|RELEASE DATE:||October 2nd, 2020|
Hesitant as I am to hug up on anything remotely post-black metal lately, any initial resistance to this progressive/Cascadian black metal influenced Minnesota-grounded quintet generally dissipates as I become more familiar with their discography. Amiensus don’t carry a particularly regional sound but the seeds of their actual compositions seem to stem from admiration of key works from (later) Agalloch and Wolves in the Throne Room on a very basal level; This means grand-soaring builds that lead to quite beautiful highs, “summit” moments that feel endless as they strike upon something a bit more intelligent than your typical post-rock crescendo abuse. ‘Abreaction’ is not entirely celestial, in fact the most intimate and memorable moments are often the mid-paced sections that feature dramatic acoustic guitar and cello-adorned peaks. An earthly sort of wandering that provides a sense of wonder but without a direct narrative implied.
This sounds a bit standard for blended sub-genre music of this sort but the extra je ne sais quoi here on the tip of the mind therein is a touch of late 90’s Borknagar if it were updated via North American atmospheric black metal modernism. More broadly speaking, there are actual black metal components threaded throughout ‘Abreaction’ and in a somewhat traditional manner; The balance achieved avoids resembling the usual plain-assed n’ cloud-dancing “soft rock album with rasped vocals” syndrome while likewise reigning in the synth/keyboard work enough to escape comparison to late second wave symphonic trash. Major label standards more homemade black metal sounds is the ultimate effect, a la Abigail Williams‘ ‘The Accuser’ but perhaps far more sophisticated when dug into. It a considerable feat to craft a ~55 minute prog-black album that reaches for the cinematic highs of post-black metal and yet remains interesting for its entirety and Amiensus do everything to make the listening experience fluid and well, inoffensive.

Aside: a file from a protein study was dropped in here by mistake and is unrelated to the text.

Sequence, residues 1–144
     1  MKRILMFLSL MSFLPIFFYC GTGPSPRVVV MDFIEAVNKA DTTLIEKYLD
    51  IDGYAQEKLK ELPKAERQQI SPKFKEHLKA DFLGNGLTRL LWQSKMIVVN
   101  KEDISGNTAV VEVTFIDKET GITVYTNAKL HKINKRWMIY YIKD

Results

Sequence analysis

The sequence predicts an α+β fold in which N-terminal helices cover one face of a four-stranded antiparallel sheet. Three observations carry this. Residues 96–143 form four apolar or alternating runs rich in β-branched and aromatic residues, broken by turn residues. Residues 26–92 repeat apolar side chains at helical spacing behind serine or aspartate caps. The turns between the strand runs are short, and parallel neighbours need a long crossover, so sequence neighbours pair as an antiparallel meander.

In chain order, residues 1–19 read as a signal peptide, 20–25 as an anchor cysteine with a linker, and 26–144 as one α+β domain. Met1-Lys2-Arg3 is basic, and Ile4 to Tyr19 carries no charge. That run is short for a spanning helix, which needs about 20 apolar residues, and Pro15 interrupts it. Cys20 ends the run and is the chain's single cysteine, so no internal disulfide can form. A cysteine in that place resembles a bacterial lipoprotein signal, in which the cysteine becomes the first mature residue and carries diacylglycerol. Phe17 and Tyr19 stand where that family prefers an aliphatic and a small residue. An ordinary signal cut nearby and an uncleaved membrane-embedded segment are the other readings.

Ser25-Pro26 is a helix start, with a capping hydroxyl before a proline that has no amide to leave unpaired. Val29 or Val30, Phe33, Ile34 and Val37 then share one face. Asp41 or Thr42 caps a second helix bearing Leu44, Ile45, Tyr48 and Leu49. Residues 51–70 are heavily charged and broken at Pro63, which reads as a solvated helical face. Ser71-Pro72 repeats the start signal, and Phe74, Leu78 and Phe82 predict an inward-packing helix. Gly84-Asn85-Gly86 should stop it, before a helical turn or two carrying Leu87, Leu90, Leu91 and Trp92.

That raw-edged spirit of traditional black metal ethos might be missing in abundance therein if you’re a fundamentalist, and in that case perhaps guitarist/vocalist James Benson‘s post-black project Chrome Waves will feel even more sacrilegious, yet I’m prone to work what what is given rather than conform to dry auld standardization. Attune your own predilections appropriately. The goal of this record is stated as a display of pronounced professionalism, road-tested modus and a conglomeration of strengths and this is hard to argue with as a point of summation. All aspects of ‘Abreaction’ are honed, tightly knotted and sewn into seamless and watery warmth. Easy listening is a difficult term to use appropriately when I’m regularly inducted into the deepest extremes of metallic forms yet there is such ease and well-rounded grace in this record’s ascent. Beyond that I believe the distinctly United States sourced influences, progressive nature, and ‘modern’ black metal spiritual avoidance of cheap n’ chunky groove found on ‘Abreaction’ helps to sell Amiensus as the odd exception to a lot of dried up modern black metal standards that clutter the landscape. Anyhow, you get the point. I wasn’t expecting to like it but this is a fine record with some solid incentive for re-enjoyment.